New evidence has shown that Australian tourists in Bali are unknowingly consuming dog meat.
According to documents sent to the ABC’s 7:30 program by an Animals Australia investigation, the meat is sourced from animals that are brutally slaughtered not far from some of Bali’s most popular beaches.
A leading toxicologist said those consuming the meat were risking their health as some of the animals are being poisoned.
Although dog meat is legal in Bali, Animals Australia's campaign director Lyn White said killing animals cruelly or eating contaminated meat is against the law.
"The dog-meat trade breaches animal cruelty laws and food safety laws. That is a statement of fact," Ms White said.
"Dog meat is essentially filtering into the tourist food chain [in Bali]."
Part of the investigation shows a street vendor admitting to selling dog meat behind 66 Beach in the tourist area of Seminyak, in southern Bali.
AA investigator: "What is that you're selling?"
Vendor: "Dog satay."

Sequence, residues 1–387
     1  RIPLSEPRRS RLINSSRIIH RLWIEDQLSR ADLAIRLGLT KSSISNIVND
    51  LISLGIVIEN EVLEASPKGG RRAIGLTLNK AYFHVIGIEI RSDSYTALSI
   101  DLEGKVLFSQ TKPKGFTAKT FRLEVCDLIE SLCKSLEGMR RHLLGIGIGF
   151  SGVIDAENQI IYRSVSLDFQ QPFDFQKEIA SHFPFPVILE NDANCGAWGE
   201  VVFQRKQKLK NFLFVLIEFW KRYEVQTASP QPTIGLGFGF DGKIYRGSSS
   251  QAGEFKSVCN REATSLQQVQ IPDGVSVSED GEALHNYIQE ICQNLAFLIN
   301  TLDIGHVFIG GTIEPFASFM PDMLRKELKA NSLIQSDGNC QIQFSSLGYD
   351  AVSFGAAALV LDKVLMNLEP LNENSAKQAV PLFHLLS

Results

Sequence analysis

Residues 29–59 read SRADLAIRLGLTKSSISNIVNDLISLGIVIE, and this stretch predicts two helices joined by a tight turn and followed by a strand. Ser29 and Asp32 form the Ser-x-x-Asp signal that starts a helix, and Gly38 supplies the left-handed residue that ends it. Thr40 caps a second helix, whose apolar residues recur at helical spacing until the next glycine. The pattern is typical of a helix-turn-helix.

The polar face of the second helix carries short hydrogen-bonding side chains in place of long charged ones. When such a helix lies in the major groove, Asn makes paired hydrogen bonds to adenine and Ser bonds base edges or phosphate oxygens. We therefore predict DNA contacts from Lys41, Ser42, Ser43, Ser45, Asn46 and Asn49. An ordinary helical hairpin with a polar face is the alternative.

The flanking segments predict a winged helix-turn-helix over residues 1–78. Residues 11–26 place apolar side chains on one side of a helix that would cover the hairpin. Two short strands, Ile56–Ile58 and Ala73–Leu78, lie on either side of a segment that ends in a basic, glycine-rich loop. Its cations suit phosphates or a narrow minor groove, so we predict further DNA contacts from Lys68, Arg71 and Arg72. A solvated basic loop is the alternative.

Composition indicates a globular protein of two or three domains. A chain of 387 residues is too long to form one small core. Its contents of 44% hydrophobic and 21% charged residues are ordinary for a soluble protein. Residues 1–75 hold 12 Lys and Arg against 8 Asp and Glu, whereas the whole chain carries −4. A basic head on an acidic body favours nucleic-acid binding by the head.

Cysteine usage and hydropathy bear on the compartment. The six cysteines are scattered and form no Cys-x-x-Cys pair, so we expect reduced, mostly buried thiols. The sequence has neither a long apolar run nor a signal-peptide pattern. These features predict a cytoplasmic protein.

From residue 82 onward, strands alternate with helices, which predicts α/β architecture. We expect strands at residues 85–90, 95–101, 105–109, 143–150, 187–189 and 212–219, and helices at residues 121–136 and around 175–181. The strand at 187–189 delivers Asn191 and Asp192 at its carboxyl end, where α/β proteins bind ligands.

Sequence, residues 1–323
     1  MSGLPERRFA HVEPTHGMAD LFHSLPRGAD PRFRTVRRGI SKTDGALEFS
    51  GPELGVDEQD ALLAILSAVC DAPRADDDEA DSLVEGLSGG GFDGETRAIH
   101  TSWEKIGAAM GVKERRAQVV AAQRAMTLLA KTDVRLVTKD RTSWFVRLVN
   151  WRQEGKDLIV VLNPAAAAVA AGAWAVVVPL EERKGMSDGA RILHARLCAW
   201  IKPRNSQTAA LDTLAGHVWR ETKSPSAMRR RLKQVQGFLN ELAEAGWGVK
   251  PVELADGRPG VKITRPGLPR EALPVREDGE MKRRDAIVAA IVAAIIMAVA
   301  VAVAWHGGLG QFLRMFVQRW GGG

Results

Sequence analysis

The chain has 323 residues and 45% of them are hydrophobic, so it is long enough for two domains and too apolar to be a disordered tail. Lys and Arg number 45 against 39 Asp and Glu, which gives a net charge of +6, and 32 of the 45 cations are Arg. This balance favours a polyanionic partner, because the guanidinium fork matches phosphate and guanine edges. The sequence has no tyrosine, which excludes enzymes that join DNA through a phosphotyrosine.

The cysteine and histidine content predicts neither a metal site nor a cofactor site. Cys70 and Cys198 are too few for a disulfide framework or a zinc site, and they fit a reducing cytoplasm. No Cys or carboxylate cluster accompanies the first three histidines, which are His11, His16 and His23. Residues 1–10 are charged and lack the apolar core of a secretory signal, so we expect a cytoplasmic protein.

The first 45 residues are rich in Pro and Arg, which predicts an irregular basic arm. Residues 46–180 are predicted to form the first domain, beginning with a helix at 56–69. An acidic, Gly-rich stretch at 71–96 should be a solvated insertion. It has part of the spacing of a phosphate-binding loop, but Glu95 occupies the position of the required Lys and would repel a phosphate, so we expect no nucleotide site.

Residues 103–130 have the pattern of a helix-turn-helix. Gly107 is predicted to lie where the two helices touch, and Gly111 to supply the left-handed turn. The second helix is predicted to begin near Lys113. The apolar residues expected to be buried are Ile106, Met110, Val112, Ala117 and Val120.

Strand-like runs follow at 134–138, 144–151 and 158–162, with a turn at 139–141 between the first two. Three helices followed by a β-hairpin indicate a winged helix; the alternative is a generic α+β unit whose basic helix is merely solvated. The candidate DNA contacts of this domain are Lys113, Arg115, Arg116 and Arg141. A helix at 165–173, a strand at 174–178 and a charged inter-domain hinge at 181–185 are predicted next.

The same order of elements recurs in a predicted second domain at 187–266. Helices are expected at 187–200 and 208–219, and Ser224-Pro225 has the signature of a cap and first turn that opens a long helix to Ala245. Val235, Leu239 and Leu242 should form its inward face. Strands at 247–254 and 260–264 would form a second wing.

AA investigator: "This is why you have a picture of a dog here?"
Vendor: "Yeah, yeah."
But Australian tourists are told a different story when they ask if it is dog meat?
Vendor: "Satay just $1."
Australian: "Mystery bag. What is, chicken?"
Australian: "Satay chicken, not dog?"
Vendor: "No, not dog."
Australian: "I'm happy just as long as it's not dog."
Ms White said tourists are ordering satay without a clue they're eating dog.
"Tourists will walk down a street, they'll see a street store selling satay but what they are not realising is the letters RW on the store mean it is dog meat being served," Ms White said.
Some specialty eateries also serve dog meat in Bali.
Images Animals Australia